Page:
Even more ridiculous than the idea that a fertilized human egg is a human being, is that large, amorphous agglomerations of people can form a person. A company, a corporation, an interest group... that these clusters of people, brought together by similarity of thought or by economic necessity, are artificial creations, a form of human breccia, which cannot be construed as having a homogeneous mind and singular being. They are aggregated together from disparate portions of society, and are entities whose existence is totally dependent on human law for definition. They did not arise spontaneously from a primordial ooze, nor were they birthed by some titanic polyglot mother.
This is an important distinction, in that such groups of people in their various forms, believe that somehow their mere existence provides them the same access to rights and privileges that a natural-born person enjoys, namely in the area of freedom of speech, and under that, the ability to influence elections based on their desire for certain outcomes. The absurdity of this notion is lost upon corporate boards and self-important leaders, alike; their belief in the rightness of their cause or business is such that it blinds them to fact.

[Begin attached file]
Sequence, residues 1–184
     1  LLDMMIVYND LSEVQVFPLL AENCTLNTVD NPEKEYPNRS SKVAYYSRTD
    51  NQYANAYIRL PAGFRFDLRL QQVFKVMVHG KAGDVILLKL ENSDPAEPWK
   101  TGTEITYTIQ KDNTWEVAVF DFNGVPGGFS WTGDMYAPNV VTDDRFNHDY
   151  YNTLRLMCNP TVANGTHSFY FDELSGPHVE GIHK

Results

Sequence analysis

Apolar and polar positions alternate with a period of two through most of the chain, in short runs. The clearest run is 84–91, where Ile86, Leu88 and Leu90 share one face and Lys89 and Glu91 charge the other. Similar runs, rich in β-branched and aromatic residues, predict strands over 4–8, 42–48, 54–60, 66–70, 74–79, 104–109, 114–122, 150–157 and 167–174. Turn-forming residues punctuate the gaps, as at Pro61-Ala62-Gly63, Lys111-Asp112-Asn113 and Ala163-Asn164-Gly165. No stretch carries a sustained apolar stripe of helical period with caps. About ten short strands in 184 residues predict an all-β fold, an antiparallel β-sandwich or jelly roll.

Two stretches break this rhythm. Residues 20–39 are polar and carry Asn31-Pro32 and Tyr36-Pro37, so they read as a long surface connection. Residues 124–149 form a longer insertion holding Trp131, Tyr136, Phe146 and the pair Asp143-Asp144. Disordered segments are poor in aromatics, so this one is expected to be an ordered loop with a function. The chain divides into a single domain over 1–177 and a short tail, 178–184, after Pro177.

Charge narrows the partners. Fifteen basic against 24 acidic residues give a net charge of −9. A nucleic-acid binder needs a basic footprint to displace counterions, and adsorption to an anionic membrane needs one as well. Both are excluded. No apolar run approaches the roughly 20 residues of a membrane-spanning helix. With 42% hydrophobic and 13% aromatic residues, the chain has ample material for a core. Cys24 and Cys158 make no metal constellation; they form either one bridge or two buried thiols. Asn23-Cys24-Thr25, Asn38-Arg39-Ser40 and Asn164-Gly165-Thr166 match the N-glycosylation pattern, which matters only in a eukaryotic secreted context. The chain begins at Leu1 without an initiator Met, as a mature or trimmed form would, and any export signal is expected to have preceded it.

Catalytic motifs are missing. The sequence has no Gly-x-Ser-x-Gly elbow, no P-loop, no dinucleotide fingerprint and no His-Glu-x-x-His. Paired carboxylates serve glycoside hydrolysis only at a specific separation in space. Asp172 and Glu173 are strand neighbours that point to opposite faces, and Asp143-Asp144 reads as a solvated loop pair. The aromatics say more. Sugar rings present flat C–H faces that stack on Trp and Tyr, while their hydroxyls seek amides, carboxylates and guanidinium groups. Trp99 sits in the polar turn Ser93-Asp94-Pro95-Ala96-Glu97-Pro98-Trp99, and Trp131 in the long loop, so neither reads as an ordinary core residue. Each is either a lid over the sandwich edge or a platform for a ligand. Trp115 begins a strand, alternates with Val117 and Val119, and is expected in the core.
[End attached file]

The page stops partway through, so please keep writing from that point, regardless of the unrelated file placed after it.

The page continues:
The Founding Fathers made no provision in the Constitution of the United States for the treatment of corporations or groups as people, save where such were subject to local, state, and federal law. There was no intention to grant them such, either, nor has any great portion of America seen feet to so endow the Constitution with provisions to rectify the situation. If the separation of Church and State was actually outlined in the Bill of Rights to make it clear that it was so, no equivalent need was found to do so in defining to whom the rights and privileges so enumerated were applicable to. It never occurred to the founders to do so, because no one in their right mind would think groups equivalent to men and women.